It's not often I go an entire week without a blog post, but it is even more unusual for me not to shoot a bunch of photos every day.  That just goes to show how busy life has been lately. Here is a brief rundown on recent farm happenings, some illustrated with random chicken photos, since my camera seems to have taken a few days off.

Notice the bare ground and sunshine. It feels like spring, which makes me  feel kind of panicked and  behind schedule - I don't have my seeds planted yet!  We are  forecast for a huge snowstorm with freezing rain tomorrow, so it's not quite spring yet, but  the last three predicted storms missed us entirely so I'm not holding my breath.
That doesn't mean I am not prepared, however.  I picked up chicken feed and grain for the cows today so I don't have to drive the slip-slidey truck if we do get freezing rain.
The seed orders have arrived!  These came from Seedsavers a few days  ago and a few more packets of tomato seeds from Tomatofest arrived today --they sell 600 varieties of heirloom tomatoes! I intend to start planting tomorrow.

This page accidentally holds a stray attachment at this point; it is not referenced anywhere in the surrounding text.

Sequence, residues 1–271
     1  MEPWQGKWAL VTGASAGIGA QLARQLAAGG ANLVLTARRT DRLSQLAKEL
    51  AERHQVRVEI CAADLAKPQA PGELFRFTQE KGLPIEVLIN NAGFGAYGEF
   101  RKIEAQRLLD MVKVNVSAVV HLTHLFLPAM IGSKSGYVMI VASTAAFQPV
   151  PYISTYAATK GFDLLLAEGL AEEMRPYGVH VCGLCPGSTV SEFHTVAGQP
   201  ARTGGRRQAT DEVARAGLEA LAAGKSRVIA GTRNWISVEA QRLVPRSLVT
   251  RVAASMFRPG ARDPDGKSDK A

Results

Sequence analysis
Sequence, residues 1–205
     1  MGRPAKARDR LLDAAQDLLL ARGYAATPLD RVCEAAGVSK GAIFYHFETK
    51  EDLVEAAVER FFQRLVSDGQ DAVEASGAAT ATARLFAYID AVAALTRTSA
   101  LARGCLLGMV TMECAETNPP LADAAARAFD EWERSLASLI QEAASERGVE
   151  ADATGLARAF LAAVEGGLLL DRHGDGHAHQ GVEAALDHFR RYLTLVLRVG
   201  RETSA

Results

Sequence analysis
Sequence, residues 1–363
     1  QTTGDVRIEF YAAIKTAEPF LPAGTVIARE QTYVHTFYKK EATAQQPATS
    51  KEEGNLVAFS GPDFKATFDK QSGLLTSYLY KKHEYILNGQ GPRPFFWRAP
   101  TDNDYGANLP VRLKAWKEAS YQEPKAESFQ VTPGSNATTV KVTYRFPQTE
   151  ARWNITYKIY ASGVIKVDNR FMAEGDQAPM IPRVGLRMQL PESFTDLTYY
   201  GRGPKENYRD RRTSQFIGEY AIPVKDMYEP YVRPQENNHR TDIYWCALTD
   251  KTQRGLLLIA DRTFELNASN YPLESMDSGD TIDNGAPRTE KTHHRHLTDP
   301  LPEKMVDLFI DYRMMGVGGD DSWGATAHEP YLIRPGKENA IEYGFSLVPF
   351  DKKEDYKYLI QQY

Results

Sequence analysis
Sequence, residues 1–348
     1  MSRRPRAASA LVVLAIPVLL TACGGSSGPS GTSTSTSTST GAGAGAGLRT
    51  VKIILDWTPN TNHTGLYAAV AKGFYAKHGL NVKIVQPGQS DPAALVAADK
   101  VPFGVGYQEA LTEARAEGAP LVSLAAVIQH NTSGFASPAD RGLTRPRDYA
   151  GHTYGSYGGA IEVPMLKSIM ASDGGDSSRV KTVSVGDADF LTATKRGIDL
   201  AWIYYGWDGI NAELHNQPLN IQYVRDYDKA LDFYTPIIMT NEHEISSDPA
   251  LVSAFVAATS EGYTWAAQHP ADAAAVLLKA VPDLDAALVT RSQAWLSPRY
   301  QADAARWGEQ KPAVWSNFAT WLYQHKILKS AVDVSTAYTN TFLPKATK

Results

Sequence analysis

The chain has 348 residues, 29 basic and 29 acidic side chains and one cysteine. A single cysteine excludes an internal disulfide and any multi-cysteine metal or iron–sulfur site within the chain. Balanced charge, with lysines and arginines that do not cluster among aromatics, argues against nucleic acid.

Thanks to Facebook, we reconnected with a high school friend, Kat, who came for a visit  with her husband Spike.  Spike is an author working on a book featuring farm building projects, so he was curious about our farm enterprises. (I am now immersed in his recent book, A Splintered History of Wood,  a great read!)   We fired up the  clay oven and made wood-fired pizza with them. We also had an embarrassing mozzarella-making fail - it turned out more like ricotta than mozzarella but still tasted good.
Even though my own sofa reupholstery project is not yet totally done (that's why you haven't seen the finished photos yet) I am undertaking another upholstery project - the sofa of my friend Gael.  She and our friend Robin came over to help me with the hardest part: unupholstering. Gael and  Orange relaxed in the sofa  one last time before we tore into it...